Clinical Nurse

Clinical nurse specialists have an important role in the modern health care industry – they help to integrate care across the spheres of patient care, nursing, and the health care system as a whole. A clinical nurse specialist, also known as a CNS, is a type of nurse practitioner with an advanced specialty, which he or she has studied in a master’s or doctorate program. Clinical nurse specialists want to make things better for both nurses and their patients and improve the health care systems within which they both work or are treated. Keep reading Ufcw 141 Nurses Union articles to know more about and updated on health news.

CNS mentors nurses develop positive change in the health care system and strive to develop new practices that will help reduce stress and prevent/treat illness for a diverse range of patients. Through a strong focus on evidence-based practices, these nurse practitioners have become clinical experts in their fields.

What Is A Clinical Nurse Specialist?

Education Requirements

An aspiring clinical nurse specialist must complete a Bachelor of Science in nursing and pass certification exams to become a Registered Nurse, and then apply for entrance into a Clinical Nurse Specialist program. After finishing this master’s or doctoral program, graduates must also either pass a certification exam in their area of specialty or complete various state licensing board requirements for specialties that do not have certification exams. Clinical expertise may be achieved in any of the following general areas:

• Diseases/Medical Subspecialties (diabetes, oncology, etc.)

• Populations (geriatrics, pediatrics, men, women, etc.)

• Settings (ER, OR, critical care, etc.)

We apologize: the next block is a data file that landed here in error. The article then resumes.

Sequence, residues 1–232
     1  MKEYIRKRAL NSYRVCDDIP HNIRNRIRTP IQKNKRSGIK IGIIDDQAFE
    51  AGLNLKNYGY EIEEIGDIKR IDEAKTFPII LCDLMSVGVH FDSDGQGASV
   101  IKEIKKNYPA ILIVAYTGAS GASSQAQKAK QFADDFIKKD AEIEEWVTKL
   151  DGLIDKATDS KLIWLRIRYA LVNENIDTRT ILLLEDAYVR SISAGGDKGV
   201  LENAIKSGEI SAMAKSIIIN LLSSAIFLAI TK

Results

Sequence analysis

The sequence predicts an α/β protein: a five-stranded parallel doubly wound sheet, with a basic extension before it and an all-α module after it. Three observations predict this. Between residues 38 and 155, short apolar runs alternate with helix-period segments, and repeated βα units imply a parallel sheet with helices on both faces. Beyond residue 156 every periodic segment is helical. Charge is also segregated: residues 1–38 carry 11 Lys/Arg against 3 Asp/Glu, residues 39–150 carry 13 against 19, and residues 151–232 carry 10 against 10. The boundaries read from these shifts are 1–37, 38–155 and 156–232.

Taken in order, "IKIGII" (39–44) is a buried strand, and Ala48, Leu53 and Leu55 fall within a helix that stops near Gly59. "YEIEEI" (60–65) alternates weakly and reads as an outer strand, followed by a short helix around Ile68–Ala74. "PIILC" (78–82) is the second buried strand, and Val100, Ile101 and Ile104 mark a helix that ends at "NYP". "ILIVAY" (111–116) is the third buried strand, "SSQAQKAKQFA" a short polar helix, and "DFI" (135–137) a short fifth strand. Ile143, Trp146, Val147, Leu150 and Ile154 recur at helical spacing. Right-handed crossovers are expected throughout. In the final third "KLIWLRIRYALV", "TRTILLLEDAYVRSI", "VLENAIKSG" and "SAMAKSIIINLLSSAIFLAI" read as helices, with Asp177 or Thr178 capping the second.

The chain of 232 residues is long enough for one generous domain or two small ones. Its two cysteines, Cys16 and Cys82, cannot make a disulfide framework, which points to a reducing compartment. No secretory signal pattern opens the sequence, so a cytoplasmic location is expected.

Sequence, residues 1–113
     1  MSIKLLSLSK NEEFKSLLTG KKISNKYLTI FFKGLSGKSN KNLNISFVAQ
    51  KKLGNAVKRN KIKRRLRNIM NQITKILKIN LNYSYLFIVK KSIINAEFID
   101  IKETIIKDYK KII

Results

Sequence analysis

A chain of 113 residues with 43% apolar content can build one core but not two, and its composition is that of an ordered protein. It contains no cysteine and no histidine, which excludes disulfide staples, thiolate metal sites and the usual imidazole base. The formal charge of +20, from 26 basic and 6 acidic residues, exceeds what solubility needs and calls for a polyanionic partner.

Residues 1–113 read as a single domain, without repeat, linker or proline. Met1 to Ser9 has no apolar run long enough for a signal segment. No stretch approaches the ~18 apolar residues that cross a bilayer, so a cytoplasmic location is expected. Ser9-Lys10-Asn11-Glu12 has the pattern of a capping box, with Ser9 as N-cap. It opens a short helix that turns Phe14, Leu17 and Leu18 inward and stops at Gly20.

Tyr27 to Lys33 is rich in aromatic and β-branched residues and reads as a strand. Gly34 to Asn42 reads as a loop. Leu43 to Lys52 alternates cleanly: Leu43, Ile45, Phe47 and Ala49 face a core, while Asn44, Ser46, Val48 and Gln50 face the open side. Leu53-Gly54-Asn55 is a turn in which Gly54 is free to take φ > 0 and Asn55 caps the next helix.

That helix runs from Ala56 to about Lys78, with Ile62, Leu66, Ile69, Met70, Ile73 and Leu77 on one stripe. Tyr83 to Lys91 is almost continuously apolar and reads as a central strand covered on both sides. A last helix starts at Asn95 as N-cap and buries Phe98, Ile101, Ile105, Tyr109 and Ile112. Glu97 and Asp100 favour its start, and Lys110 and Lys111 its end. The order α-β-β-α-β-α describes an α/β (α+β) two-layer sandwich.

• Types of Care (rehabilitation, psychiatric, etc.)

• Types of Health Problems (stress, pain, wounds, etc.)

On the Job

Unlike traditional registered nurses, clinical nurse specialists are qualified to do much more than care for patients by helping to prevent and treat illnesses under the supervision of a physician. They can diagnose and treat conditions, disabilities, illnesses, and injuries on their own, as long as they are within their area of expertise. They work directly with patients, and other nurses consult with them when needed. Their primary role is improving the health care system for everyone involved.

Clinical Nurse

Salary, Benefits and More

There are nearly 70,000 clinical nurse specialists working in a variety of settings in the United States, and the job outlook for this career is positive. There is actually a higher demand for clinical nurse specialists than there are qualified CNS practitioners. At the entry-level range, CNS may start by earning approximately $50,000 annually, but the higher end of the salary range exceeds $100,000 annually, based on factors such as experience, geographic location, and specialty.

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